As a one-time member of The Green Grid Technical Committee, let me summarize and correct a few points:
- The EPA has said that data centers use around 4% of US power. The federal government uses going on half of that, IIRC.
- Historically PUEs of 2.4 were common. It makes sense. In a closed building, it takes 1 unit of cooling energy to cool the heat produced by one unit of computation etc. The cooling systems were say 80% efficient so that makes 1.25 units of cooling energy. Add in power conditioning and UPS losses, and you easily get 1.4 to 1.6 units of non-computational work for every unit of computation, for a PUE of 2.4 to 2.6.
- A PUE of less than 1.0 is by definition impossible. Nevertheless, a few deluded individuals have reported them.
- In anything less than ideal conditions, getting the PUE below 1.2 is very difficult. A common mistake is to allow equipment fans to do some of the work of the heat exhaust fans. This effectively transfers facility load to the equipment and results in artificially low numbers.
- Low PUEs are harder to achieve in high-resiliency conditions. The large server farms used by MS and Google do not require the level of availability that enterprise data centers commonly do. These companies have the luxury of trading off equipment failure rates with power costs.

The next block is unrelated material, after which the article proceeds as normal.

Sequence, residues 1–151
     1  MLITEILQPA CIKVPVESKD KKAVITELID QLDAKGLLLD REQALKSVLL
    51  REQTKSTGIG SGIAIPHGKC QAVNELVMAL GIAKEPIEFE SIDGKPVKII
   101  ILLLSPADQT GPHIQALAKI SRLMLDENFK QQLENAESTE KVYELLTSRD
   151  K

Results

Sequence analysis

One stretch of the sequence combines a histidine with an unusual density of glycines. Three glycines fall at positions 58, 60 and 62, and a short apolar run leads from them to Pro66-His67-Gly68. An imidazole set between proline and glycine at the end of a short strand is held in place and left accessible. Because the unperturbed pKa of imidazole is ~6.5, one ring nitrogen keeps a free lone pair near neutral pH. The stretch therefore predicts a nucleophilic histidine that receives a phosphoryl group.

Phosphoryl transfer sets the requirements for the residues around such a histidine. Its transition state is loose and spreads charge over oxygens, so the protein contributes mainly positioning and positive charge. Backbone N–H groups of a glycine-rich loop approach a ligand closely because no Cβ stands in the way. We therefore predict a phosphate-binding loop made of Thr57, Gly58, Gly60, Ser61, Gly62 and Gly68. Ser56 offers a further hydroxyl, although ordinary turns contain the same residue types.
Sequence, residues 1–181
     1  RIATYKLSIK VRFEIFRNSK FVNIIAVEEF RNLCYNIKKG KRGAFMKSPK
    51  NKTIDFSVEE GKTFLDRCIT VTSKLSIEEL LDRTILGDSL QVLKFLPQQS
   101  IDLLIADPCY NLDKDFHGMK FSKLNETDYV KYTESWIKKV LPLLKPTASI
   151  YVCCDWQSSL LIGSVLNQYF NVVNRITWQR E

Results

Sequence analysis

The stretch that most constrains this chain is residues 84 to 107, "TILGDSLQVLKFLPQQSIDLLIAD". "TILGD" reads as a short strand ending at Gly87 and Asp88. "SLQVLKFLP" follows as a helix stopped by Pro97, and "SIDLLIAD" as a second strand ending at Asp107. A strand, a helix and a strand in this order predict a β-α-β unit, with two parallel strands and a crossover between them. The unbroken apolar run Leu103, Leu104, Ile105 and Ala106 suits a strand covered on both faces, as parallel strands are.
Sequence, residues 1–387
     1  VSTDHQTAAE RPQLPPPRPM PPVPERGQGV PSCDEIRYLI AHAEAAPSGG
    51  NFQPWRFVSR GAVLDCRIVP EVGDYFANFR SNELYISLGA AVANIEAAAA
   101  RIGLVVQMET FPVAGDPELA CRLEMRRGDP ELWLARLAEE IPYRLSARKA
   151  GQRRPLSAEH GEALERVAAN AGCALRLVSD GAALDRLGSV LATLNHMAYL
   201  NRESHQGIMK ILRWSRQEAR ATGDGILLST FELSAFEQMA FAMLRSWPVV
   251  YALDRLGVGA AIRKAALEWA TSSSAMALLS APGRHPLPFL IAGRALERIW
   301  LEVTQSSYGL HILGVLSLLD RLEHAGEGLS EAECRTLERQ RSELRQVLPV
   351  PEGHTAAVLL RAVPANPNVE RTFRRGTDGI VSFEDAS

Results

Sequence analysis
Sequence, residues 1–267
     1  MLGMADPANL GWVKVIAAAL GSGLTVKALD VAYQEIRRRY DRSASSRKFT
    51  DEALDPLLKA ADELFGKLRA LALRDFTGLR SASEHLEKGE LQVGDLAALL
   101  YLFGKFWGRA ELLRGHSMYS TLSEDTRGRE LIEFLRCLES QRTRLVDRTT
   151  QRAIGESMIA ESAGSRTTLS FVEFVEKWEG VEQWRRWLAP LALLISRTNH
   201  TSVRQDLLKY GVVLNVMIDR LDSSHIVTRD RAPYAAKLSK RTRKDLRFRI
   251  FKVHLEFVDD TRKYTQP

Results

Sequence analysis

- Uninformed data center managers sometimes think they can use unconditioned outdoor air as a coolant. This is ill advised. High humidity levels, high sulfur and other contaminant levels, and particulates can cause premature equipment failure, not to mention voiding warranties. I visited a data center in a hot and humid location once that had had 40% disk drive failure in a year. It's best to consult a professional data center HVAC specialist with experience in low-PUE installations.
- Power costs do sometimes exceed CAPEX over the life of the equipment. It depends on location and up-front equipment cost.
- Power gotten from public hydro is not "green". Power in the public grid is a zero-sum game. Only renewable energy that you produce yourself is more green than the average greenness of the public utility system.
- The data centers located near big dams don't get cheap power because they're being green. They get it cheap because they avoid grid distribution costs. The same thing can be accomplished by colocation with a big coal plant. It just doesn't sound as cool.